Mystery around breathable porous crystals unraveled


Until now, it has been impossible to predict and understand when and why some materials breathe and others do not. This mystery was now unraveled by the research conducted at the Center for Molecular Modeling at Ghent University under the direction of Prof. dr. V. Van Speybroeck in collaboration with the University of Montpellier.

Computer simulations at the nanoscale

A group of scientists from the Faculty of Engineering and Architecture has succeeded in unraveling the breathable behavior of metal-organic grids (a type of versatile materials made up of organic molecules and metal clusters with nanoscale pores) by using computer simulations at the nanoscale to calculate the behaviour of atoms without any experimental input, but using physical laws.

These insights were also applied in an ingenious thermodynamic model that allows to predict the behavior under experimental conditions with the information obtained at the nanoscale.

Unsurpassed flexibility

Previously it was determined experimentally that some grids exhibit a breathable behavior in which the pores can open and close under changing conditions of pressure, temperature or gas adsorption. Such a high degree of flexibility is unseen for crystalline materials.

Big step forward for the design of materials at the nanoscale

With the help of theoretical calculations, scientists can now search for suitable materials for a specific application. As a result of this procedure, it could be predicted under which conditions of pressure, temperature or, for example, quantity of CO2 in the atmosphere a material suddenly begins to shrink or expand, absorbs CO2 or emits and takes up mechanical work.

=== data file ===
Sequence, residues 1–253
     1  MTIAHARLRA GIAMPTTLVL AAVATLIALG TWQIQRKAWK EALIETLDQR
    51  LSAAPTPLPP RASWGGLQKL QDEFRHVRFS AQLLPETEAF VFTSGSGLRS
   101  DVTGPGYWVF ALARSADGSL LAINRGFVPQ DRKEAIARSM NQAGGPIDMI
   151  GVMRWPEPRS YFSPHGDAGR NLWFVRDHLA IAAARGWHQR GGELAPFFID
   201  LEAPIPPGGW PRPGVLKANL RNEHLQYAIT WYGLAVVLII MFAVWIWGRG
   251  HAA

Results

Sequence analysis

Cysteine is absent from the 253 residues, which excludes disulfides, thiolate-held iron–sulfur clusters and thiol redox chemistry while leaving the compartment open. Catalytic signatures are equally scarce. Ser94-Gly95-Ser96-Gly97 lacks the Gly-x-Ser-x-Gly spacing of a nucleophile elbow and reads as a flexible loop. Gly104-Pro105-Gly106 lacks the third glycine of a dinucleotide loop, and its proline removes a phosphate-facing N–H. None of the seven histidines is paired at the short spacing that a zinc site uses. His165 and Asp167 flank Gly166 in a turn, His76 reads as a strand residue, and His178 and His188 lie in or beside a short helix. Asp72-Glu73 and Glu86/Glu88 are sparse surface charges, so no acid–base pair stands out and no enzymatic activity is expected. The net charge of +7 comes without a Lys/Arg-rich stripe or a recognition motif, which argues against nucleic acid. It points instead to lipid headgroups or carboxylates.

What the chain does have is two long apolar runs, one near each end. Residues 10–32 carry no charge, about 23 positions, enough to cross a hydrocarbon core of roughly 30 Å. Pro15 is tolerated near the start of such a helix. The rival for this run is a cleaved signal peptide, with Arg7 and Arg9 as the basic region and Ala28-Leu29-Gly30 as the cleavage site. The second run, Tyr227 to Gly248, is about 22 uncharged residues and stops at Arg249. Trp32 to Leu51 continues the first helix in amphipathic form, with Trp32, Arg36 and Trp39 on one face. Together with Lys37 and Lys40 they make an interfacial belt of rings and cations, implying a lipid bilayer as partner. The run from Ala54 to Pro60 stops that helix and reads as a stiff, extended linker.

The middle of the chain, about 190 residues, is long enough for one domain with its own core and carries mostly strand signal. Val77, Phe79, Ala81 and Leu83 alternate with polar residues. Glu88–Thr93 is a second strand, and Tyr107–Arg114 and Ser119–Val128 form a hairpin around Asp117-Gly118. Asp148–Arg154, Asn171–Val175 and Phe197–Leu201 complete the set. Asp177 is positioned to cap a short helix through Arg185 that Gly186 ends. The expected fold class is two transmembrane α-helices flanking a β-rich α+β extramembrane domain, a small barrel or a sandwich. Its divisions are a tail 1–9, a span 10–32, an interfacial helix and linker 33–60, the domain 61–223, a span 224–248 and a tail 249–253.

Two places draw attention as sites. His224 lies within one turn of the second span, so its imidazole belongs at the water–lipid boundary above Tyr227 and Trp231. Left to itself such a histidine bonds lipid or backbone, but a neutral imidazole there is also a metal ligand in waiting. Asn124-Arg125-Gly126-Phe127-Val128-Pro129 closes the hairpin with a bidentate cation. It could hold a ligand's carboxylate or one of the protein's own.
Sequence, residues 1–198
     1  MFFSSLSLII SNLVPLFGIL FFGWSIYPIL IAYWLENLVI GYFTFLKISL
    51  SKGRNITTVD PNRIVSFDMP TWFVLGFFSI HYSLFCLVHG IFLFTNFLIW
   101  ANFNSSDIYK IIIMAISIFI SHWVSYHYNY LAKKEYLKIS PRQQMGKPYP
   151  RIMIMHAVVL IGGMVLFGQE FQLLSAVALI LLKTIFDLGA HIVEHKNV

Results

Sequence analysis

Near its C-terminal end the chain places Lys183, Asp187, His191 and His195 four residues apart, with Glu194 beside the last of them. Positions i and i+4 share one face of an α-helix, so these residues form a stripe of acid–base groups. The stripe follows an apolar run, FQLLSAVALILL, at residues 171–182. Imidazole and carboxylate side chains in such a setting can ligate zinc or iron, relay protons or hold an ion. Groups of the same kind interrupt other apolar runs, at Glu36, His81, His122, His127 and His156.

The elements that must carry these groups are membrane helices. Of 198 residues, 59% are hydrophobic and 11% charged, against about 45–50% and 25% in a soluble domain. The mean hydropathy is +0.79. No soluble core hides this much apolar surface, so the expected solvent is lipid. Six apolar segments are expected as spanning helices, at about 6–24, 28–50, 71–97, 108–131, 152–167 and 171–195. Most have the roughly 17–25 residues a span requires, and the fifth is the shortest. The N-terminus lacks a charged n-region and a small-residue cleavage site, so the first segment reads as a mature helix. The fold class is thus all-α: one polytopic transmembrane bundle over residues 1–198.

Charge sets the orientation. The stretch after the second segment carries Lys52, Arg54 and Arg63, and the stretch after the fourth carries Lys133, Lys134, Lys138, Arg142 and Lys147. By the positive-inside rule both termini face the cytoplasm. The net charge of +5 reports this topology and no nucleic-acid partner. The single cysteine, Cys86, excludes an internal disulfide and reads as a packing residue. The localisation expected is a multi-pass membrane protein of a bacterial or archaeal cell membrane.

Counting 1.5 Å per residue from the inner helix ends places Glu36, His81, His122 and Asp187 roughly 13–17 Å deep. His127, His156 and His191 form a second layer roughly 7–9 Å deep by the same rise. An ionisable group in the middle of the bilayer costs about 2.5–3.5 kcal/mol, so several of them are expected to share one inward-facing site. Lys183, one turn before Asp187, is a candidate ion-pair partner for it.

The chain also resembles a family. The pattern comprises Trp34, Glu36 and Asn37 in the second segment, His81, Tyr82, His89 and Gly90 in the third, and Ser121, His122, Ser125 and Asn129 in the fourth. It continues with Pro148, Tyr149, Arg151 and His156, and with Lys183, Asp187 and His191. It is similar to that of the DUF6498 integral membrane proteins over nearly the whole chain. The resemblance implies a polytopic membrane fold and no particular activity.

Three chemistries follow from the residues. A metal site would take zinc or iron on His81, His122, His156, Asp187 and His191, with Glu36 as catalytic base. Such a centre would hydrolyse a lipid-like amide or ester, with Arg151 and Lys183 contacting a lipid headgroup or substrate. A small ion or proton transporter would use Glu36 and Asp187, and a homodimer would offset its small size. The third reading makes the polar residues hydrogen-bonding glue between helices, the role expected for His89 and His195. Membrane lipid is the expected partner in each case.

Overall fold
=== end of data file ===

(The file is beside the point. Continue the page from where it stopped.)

These materials can be used as nanoscale shock absorbers as well as filtering carbon dioxide from the exhaust of our cars and even as a safe delivery mechanism for medicines in the human body.

Publication in Nature Communications

The research appears this week in the journal Nature Communications.

A detailed technical article describing this research has been published in Nature Communications: Thermodynamic insight into stimuli-responsive behavior or soft porous crystals, L. Vanduyfhuys, S.M.J. Rye, J. Wieme, S. Vandenbrande, G. Maurin, M. Waroquier, V. Van Speybroeck, Nature Communications,


Dr. Louis Vanduyfhuys, Prof. dr. Dr. V. Van Speybroeck
Center for Molecular Modeling
T 09 264 65 60, 0472/934823,

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